Tuesday, February 7, 2017

OPTIMIZED IMPLEMENTATION OF BUBBLE SORT IN C

http://www.codingeek.com/algorithms/bubble-sort-algorithm-and-implementation-multiple-programming-languages/

OPTIMIZED IMPLEMENTATION OF BUBBLE SORT IN C

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// Optimized implementation of Bubble sort
#include <stdio.h>
#include<stdbool.h> // To use bool variable in our code
void swap(int *xp, int *yp)
{
int temp = *xp;
*xp = *yp;
*yp = temp;
}

// An optimized version of Bubble Sort
void bubbleSort(int arr[], int n)
{
int i, j;
bool isSorted;
for (i = 0; i < n-1; i++)
{
isSorted = true;
for (j = 0; j < n-i-1; j++)
{
if (arr[j] > arr[j+1])
{
swap(&arr[j], &arr[j+1]);
isSorted = false;
}
}

// IF no two elements were swapped by inner loop, then break
if (isSorted)
break;
}
}

/* Function to print an array */
void printArray(int arr[], int size)
{
int i;
for (i=0; i < size; i++)
printf("%d ", arr[i]);
printf("\n");
}

// Driver program to test above functions
int main()
{
int arr[] = {64, 34, 25, 12, 22, 11, 90};
int n = sizeof(arr)/sizeof(arr[0]);
bubbleSort(arr, n);
printf("Sorted array: \n");
printArray(arr, n);
return 0;
}

Algorithms Bubble Sort

Quincy Larson edited this page on Aug 19, 2016 · 1 revision

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Algorithm Bubble Sort

Bubble sort is a simple sorting algorithm. This sorting algorithm is comparison based algorithm in which each pair of adjacent elements is compared and elements are swapped if they are not in order. This algorithm does sorting in-place i.e. it does not creates a new array while carrying out the sorting process.

Example

array = [5, 1, 4, 2, 8]

First Pass:
( 5 1 4 2 8 ) –> ( 1 5 4 2 8 ), Here, algorithm compares the first two elements, and swaps since 5 > 1.
( 1 5 4 2 8 ) –>  ( 1 4 5 2 8 ), Swap since 5 > 4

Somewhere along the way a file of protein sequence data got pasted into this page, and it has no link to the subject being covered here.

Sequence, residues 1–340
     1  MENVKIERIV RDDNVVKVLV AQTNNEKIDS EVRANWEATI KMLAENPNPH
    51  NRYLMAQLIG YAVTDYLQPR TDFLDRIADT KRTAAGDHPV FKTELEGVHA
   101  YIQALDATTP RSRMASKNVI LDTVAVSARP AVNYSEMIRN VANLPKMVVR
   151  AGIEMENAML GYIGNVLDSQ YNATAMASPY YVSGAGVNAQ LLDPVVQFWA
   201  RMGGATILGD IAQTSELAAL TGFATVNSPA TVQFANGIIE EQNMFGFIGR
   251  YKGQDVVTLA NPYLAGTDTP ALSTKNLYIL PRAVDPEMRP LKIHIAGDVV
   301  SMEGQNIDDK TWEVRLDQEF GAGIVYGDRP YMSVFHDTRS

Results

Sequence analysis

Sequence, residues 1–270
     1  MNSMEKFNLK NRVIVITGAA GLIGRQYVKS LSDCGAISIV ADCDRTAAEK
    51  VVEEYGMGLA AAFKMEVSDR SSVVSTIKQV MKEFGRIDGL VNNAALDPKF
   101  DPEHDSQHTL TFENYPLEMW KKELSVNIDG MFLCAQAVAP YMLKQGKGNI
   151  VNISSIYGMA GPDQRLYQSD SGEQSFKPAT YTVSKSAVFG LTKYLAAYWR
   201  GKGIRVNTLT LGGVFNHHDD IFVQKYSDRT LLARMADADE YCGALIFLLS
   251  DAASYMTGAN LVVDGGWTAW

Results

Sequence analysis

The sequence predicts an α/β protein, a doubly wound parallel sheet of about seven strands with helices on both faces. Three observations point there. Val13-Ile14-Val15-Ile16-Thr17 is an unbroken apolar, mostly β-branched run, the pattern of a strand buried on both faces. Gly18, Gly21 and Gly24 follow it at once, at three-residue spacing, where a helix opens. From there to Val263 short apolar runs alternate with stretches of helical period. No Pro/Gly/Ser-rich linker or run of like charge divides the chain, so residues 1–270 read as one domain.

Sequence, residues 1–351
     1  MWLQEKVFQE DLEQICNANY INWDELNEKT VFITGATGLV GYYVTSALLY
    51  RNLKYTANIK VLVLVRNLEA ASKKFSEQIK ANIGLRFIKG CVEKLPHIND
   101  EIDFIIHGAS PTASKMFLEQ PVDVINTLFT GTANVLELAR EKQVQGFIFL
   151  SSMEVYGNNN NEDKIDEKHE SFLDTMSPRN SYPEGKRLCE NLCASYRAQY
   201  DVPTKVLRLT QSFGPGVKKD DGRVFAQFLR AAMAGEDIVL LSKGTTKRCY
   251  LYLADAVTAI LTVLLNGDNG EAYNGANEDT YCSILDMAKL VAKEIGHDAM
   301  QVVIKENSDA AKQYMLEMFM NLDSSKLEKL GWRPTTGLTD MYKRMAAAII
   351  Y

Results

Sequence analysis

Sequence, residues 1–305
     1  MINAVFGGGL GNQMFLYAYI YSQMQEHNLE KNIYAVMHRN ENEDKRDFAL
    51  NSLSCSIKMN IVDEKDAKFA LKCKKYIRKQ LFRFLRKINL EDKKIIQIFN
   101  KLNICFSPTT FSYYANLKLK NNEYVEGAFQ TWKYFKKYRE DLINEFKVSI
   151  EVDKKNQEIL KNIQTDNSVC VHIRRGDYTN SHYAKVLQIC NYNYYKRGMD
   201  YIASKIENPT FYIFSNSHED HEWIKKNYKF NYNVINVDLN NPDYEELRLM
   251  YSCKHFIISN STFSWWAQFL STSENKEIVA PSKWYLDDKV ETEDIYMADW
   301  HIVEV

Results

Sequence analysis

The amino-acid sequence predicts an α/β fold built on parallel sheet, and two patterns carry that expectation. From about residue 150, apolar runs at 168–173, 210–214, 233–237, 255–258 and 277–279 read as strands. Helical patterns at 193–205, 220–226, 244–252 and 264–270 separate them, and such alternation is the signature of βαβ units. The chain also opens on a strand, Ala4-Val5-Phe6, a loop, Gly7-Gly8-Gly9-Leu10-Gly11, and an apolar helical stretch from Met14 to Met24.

( 1 4 5 2 8 ) –>  ( 1 4 2 5 8 ), Swap since 5 > 2
( 1 4 2 5 8 ) –> ( 1 4 2 5 8 ), Now, since these elements are already in order (8 > 5), algorithm does not swap them.

Second Pass:
( 1 4 2 5 8 ) –> ( 1 4 2 5 8 )
( 1 4 2 5 8 ) –> ( 1 2 4 5 8 ), Swap since 4 > 2
( 1 2 4 5 8 ) –> ( 1 2 4 5 8 )
( 1 2 4 5 8 ) –>  ( 1 2 4 5 8 )
Now, the array is already sorted, but our algorithm does not know if it is completed. The algorithm needs one whole pass without any
swap to know it is sorted.

Third Pass:
( 1 2 4 5 8 ) –> ( 1 2 4 5 8 )
( 1 2 4 5 8 ) –> ( 1 2 4 5 8 )
( 1 2 4 5 8 ) –> ( 1 2 4 5 8 )
( 1 2 4 5 8 ) –> ( 1 2 4 5 8 )

C++ Implementation

// Function to implement bubble sort
void bubble_sort(int array[], int n)
{
// Here n is the number of elements in array
int temp;

for(int i = 0; i < n-1; i++)
{
// Last i elements are already in place
for(int j = 0; j < n-i-1; j++)
{
if (array[j] > array[j+1])
{
// swap elements at index j and j+1
temp = array[j];
array[j] = array[j+1];
array[j+1] = temp;
}
}
}
}

Python Implementation

def bubble_sort(arr):
exchanges = True # A check to see if the array is already sorted so that no further steps gets executed
i = len(arr)-1
while i > 0 and exchanges:
exchanges = False
for j in range(i):
if arr[j]>arr[j+1]:
exchanges = True
arr[j], arr[j+1] = arr[j+1], arr[j]
i -= 1

arr = [5,3,23,1,43,2,54]
bubble_sort(arr)
print(arr) # Prints [1, 2, 3, 5, 23, 43, 54]

Complexity of Algorithm

https://github.com/freeCodeCamp/freeCodeCamp/wiki/Algorithms-Bubble-Sort
Worst and Average Case Time Complexity: O(n*n). Worst case occurs when array is reverse sorted i.e. the elements are in decreasing order
Best Case Time Complexity: O(n). Best case occurs when array is already sorted.